Clearly, we needed a stronger corporate presence in Hong Kong, not only to manage the quality control issues, but to better implement a supply chain process. A senior executive moved to HK to establish quality control, engineering, supply chain and procurement teams. Within 18 months, direct oversight and inspection improved our quality issues. Weekly communication between each of the regions, the Sunbeam Hong Kong team, and representatives of the plants became standard practice, & soon a long-term vision for sound business investment in Asian production was incorporated within our overall global business plans.
Other companies such as Gildan Activewear chose to purchase manufacturing facilities overseas, rather than simply outsource. With a commitment to adhering to the Fair Labour Association Standards, its compliance program is now accredited and recognized within the industry.
Umbra, another Canadian company, used to produce its goods in Scarborough but moved its production to its own facility in China and used additional facilities for some of its private label goods. Factory audits and inspections became a mandatory aspect of its business operations, leading to an improvement of working conditions and safety standards.
Incorporating Social Responsibility
Is there room for even greater improvement? Absolutely. Any corporate entity or brand can create a culture of social responsibility. It requires top-down, company-wide recognition and commitment to ensuring that all workers, whether their own or not, deserve not only to work in a safe environment as spelled out by international standards, but thrive in doing so.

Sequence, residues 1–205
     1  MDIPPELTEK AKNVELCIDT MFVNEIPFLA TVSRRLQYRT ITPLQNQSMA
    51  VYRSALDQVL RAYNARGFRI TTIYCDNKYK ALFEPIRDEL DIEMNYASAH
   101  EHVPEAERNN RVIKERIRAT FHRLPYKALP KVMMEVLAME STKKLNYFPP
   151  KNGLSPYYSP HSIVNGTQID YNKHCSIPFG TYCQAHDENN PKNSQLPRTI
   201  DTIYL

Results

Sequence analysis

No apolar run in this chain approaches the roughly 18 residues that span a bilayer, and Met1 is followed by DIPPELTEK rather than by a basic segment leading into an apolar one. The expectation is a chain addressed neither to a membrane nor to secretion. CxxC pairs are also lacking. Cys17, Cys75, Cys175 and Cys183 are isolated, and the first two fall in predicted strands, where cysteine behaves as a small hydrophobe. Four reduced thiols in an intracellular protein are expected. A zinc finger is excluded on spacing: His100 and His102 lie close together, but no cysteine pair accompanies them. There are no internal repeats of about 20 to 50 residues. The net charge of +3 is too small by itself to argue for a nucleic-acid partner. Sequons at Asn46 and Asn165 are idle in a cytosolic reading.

Social Responsibility for Joe Fresh, Disney et al could incorporate any combination of the following within their outsourcing model: social responsibility leader tasked with executing social responsibility across vendor base; consolidation of the vendor base to a single digit number of facilities nets greater leverage to execute your safety standards; and commitment to re-invest 1% of your net margins in those facilities to:
- develop company-wide, world-wide facility safety standards that meet those legislated in North America.
- investments in training and development of plant staff to upgrade skills or for advancement.
- establish objectives and key performance indicators for each facility, that each employee is aware of and strives for.
- encourage efficiency suggestions and initiatives. It builds teamwork and stakeholder culture.
- create bonus/profit sharing plan for all plant personnel when meeting those objectives.
- offer educational upgrade support for all plant personnel.
These extensions of social responsibility offer good return on investments for any brand or business. Improved working and living conditions overseas make for loyal employees, lower turnover rates, less need for new employee training and less chances of product or company espionage.
Consumers also take notice. Brand loyalty and an inclination to pay a higher price for your products could mean you stand out in the clutter of the marketplace. Happy customers talk, tweet and share. And become repeat customers.
Isn’t that worth the price of social responsibility investment?